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Do you remember reading Lord of the Flies in middle or high school? It’s one of the books that has colonized school reading lists for literally decades in this country. Originally published in 1954 it was required reading at many schools and colleges by the early 1960’s and is still in place to this day. I remember disliking it immensely and intensely – all that man against man, man against nature and man against beast (are you noticing a theme here?) barreling towards its heart of darkness, survival of the fittest moral of the story was like fingernails against chalkboards for me. It’s important to note that implicit in all of this is the uber battle, man against death.

Yet it was always presented as some sort of gospel about the ‘human condition’ – such a bleak vision (and one without any feminine voice in it whatsoever I may add) positing that cruelty, bullying and aggression were the true human birthrights – held in check only by thin veneers of ‘civilization’.

It was never a worldview that held much resonance for me although I could not escape the cultural mythmaking based on the ‘survival of the fittest’ piece, that was connected to science and became the shorthand version of Darwinism – even though there was significantly more complexity to the actual theory of the actual man himself. As a result, it has become accepted fact that a rather brutish race to the bottom will reveal itself eventually in all arenas of life and the sooner we cop to that the better off we are.

If we take a closer look at Darwin there is another story of evolution that peeks out. Jean Baptist Lamarck was a biologist who put forth a theory of evolution a few decades before Darwin. It posited the acquisition of inherited traits and emphasized that cooperation between species and individuals – not battles – was extremely important to the course of evolution. In other words we evolve as we learn to fit our surroundings. He saw cooperation between not just organisms (say on a cellular level) but between different species and believed that if humans separated themselves from nature our entire existence would eventually be compromised.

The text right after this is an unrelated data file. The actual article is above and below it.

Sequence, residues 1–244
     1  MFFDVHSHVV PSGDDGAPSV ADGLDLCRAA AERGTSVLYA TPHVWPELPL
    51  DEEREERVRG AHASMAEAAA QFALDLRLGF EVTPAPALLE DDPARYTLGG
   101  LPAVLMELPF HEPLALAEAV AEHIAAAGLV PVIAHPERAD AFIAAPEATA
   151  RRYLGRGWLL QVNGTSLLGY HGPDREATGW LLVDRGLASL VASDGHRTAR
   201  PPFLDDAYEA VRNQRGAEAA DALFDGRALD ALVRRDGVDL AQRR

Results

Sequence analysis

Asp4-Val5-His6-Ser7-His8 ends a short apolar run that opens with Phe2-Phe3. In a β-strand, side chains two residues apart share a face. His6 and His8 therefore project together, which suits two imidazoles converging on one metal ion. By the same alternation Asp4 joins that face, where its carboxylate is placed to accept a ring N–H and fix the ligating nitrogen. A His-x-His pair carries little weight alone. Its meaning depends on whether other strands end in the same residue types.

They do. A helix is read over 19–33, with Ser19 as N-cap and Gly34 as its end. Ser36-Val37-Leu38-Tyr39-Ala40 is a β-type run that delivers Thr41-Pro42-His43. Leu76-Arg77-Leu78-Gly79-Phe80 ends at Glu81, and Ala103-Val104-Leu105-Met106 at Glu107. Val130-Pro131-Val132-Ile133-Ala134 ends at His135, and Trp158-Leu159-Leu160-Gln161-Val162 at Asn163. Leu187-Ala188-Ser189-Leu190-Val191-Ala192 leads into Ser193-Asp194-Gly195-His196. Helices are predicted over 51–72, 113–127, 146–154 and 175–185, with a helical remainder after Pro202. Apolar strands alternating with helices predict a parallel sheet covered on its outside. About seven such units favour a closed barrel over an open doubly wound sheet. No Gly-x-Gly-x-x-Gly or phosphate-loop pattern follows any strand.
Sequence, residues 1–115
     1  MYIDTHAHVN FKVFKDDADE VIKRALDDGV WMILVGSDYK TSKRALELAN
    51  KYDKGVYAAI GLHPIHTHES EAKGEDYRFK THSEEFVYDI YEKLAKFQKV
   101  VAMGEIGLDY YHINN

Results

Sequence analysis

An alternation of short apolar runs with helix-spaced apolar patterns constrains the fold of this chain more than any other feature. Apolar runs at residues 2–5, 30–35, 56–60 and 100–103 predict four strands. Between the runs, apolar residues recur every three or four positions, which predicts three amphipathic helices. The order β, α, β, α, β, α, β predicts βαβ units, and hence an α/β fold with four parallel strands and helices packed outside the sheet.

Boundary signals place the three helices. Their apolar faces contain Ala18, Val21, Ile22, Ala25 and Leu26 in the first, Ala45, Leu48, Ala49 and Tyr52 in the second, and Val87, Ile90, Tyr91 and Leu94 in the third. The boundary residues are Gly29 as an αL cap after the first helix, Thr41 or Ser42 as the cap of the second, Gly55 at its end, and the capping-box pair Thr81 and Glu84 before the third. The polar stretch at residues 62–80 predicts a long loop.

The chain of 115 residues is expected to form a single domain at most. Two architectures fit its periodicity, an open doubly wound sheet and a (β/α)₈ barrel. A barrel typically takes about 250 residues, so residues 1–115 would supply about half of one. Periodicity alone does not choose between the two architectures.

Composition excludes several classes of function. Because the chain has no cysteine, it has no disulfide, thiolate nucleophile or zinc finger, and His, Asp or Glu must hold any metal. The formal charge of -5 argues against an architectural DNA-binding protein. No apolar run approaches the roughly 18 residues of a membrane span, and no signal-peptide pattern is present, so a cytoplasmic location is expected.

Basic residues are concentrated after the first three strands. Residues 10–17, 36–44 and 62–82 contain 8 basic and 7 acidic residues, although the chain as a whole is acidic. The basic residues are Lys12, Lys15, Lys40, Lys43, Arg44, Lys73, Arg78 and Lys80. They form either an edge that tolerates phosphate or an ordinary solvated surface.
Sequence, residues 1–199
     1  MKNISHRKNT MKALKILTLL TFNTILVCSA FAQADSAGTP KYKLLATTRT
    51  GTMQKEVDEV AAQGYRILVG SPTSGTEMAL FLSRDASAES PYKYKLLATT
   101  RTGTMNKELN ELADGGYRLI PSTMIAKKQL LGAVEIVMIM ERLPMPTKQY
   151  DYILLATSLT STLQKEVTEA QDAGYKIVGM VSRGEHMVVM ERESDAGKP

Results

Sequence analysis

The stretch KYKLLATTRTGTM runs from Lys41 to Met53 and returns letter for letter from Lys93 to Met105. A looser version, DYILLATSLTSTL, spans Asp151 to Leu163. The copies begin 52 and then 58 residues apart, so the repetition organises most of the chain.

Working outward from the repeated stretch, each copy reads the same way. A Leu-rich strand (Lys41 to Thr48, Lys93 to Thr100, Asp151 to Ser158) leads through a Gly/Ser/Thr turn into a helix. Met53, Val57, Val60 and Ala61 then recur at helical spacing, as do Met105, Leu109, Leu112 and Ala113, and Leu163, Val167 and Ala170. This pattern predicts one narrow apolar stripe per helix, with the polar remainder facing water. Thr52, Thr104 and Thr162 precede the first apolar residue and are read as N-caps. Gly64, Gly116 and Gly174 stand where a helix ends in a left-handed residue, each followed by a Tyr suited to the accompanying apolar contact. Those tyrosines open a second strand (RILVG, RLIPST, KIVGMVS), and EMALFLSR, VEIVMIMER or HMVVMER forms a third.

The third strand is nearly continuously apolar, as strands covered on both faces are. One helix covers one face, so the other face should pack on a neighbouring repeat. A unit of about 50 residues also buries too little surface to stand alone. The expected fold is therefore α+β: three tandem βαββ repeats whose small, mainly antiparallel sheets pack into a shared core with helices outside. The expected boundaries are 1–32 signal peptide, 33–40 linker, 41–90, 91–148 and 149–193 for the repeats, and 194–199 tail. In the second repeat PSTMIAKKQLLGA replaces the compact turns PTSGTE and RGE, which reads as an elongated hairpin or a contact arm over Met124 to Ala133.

He was roundly mocked for many years as Darwin’s theories gained prominence and is still a source of controversy today. But the emerging science of epigenetics – the study of how, when and why genes choose to express – has vindicated much of Lamarck’s work. In his view, it is the collaborators who survive.

There is another example of the exclusion of some stories and the shaping of others. This concerns the very beginnings of psychoanalysis and a woman named Sabina Spielrein. If you know of her at all chances are it is because of a movie called A Dangerous Method in which she was portrayed as a hysteric who introduced Jung to kinky sex – an invention of the director. In reality she led an extraordinary life as a psychiatrist,one of the first female psychoanalysts, a surgeon, a pediatrician and was part of the first Russian Analytic Society among other myriad accomplishments. Her life and work touched not only Freud and Jung’s but also the lives of Stalin,Trotsky, Jean Piaget and Melanie Klein. All of that ended in murder at the hands of the Nazis in the Snake Ravine massacre in 1942 and Spielrein subsequently fell into near total obscurity.

Her theoretical work, although contributing to and informing Freud, Jung, Piaget and Klein also is thought to be the very beginnings of relational psychology and attachment theory as she reflected and included the impact of relationship and environment on the individual, especially in the development of children. She made space for connection and the outer world not just the inner landscape. It was a woman’s voice and it brought something to the table that was systematically overlooked and unattributed for decades.

Brene Brown writes about ‘the stories we tell ourselves’. She means it in an individual context and I find it very helpful in challenging client’s assumptions about the ‘way things are’. Our entire system will organize around those stories we tell ourselves, cherry picking the data that supports them and ignoring the data that doesn’t. That’s why it is so powerful when you can shift that inner narrative in a conscious, constructive way. I believe the same holds true on a collective level. There are certain stories that we, as a cultural unit, have agreed to and all of the variations on ‘survival of the fittest’ are in that basket. That opens up the possibility of finding different stories to reflect a much wider range of actual human experience and potential.